The general consensus around the table was that the company was unlikely to do well in the current environment and that I should avoid the stock. People were cutting back on spending and were unlikely to pay $4+ for a cup of coffee. As a discretionary item many people were likely to give it up or find a cheaper alternative, etc. I bought the stock on Monday morning.
What was I thinking? Despite the state of panic that existed in the world at the time I figured that people would continue to drink coffee. It is warm, makes you feel good and caffeine is mildly addictive. In tough times people still need small rewards to boost their spirits. Also, humans are creatures of habit and a daily trip to a Starbucks is a ritual for many people. Starbucks is the largest coffeehouse company in the world. I concluded that their ubiquity and their premium brand would mitigate migration to other lower priced alternatives. Starbucks had expanded too rapidly in recent years but the founding superstar CEO Howard Schultz was now back at the helm. Most importantly it was the numbers that spoke to me – they literally jumped off the page.
“Companies such as Coca-Cola and Gillette might well be labeled “The Inevitables.” Forecasters may differ a bit in their predictions of exactly how much soft drink or shaving-equipment business these companies will be doing in ten or twenty years… In the end, however, no sensible observer – not even these companies’ most vigorous competitors, assuming they are assessing the matter honestly – questions that Coke and Gillette will dominate their fields worldwide for an investment lifetime.”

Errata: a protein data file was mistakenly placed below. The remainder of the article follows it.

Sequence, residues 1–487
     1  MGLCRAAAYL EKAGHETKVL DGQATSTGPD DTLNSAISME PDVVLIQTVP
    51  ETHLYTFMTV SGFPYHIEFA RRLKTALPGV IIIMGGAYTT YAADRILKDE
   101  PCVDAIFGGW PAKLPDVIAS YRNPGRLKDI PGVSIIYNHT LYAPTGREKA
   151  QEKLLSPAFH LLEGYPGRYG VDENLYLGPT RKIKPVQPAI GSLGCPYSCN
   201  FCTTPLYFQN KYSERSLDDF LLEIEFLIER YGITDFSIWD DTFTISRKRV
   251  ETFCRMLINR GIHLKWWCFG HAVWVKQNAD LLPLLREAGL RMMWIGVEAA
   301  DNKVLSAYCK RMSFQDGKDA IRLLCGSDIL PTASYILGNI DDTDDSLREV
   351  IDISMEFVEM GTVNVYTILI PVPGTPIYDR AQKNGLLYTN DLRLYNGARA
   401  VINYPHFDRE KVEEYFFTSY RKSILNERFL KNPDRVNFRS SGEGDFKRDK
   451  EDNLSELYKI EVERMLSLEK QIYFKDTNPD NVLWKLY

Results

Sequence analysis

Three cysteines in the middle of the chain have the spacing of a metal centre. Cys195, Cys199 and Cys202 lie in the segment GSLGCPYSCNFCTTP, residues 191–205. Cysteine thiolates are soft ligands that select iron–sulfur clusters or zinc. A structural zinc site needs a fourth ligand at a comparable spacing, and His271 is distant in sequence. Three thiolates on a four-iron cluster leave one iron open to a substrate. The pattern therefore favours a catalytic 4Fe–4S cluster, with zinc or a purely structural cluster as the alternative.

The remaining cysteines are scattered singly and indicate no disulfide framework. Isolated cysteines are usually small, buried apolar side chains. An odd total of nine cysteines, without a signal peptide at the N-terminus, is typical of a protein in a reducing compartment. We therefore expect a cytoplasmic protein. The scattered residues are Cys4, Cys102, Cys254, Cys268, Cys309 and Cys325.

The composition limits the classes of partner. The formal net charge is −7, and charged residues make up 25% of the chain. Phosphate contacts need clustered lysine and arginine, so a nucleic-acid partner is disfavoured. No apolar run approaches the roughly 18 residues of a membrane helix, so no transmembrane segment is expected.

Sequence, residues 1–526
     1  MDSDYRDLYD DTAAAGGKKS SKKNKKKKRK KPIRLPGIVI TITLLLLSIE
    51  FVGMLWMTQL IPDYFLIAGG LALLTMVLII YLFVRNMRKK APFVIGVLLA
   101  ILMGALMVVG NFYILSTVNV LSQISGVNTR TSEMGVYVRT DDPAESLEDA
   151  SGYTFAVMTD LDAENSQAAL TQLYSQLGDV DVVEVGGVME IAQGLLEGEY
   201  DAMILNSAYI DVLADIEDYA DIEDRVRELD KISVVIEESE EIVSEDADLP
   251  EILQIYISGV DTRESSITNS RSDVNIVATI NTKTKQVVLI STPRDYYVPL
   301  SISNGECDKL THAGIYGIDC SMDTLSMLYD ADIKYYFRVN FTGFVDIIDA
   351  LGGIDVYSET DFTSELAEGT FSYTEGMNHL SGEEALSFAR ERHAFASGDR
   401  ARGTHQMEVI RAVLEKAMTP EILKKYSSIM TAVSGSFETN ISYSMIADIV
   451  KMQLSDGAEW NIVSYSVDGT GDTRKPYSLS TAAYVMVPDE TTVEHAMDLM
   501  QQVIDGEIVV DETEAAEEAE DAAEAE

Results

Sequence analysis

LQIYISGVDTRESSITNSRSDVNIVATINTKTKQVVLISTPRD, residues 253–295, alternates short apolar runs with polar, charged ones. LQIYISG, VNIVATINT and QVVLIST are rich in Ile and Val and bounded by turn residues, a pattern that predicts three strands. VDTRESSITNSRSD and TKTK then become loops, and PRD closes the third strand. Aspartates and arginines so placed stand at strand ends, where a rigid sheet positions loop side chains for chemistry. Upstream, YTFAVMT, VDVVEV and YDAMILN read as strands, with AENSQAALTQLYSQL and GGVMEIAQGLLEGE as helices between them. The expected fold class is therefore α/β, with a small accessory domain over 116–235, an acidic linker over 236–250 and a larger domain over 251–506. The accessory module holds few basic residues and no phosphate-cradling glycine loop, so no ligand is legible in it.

– Warren Buffett
At the time of my investment the company was clearly going through a tough patch given the economic environment and their overexpansion. Stores were being closed and earnings were taking a hit. However the fact remained that Starbucks was and is an incredible cash flow machine. They sell cups of coffee for $4 – a pretty good business model. During the prior 12 months the company had generated $1.4 billion of cash from operations and spent about $1.1 billion on capital expenditures leaving $300 million in free cash flow. I estimated that $600 million of the capex was required to maintain the existing infrastructure and the rest was for expansion (new stores).
The balance sheet at the time was fine with only $740 million of net debt which existed primarily due to $3 billion of questionable share buybacks by the former CEO over the prior three years. There was $300 million of additional availability under their existing credit facilities. Even considering their off-balance sheet liabilities (leases) they were clearly going to be just fine. In a pinch they could simply slow their store growth. The numbers spoke volumes: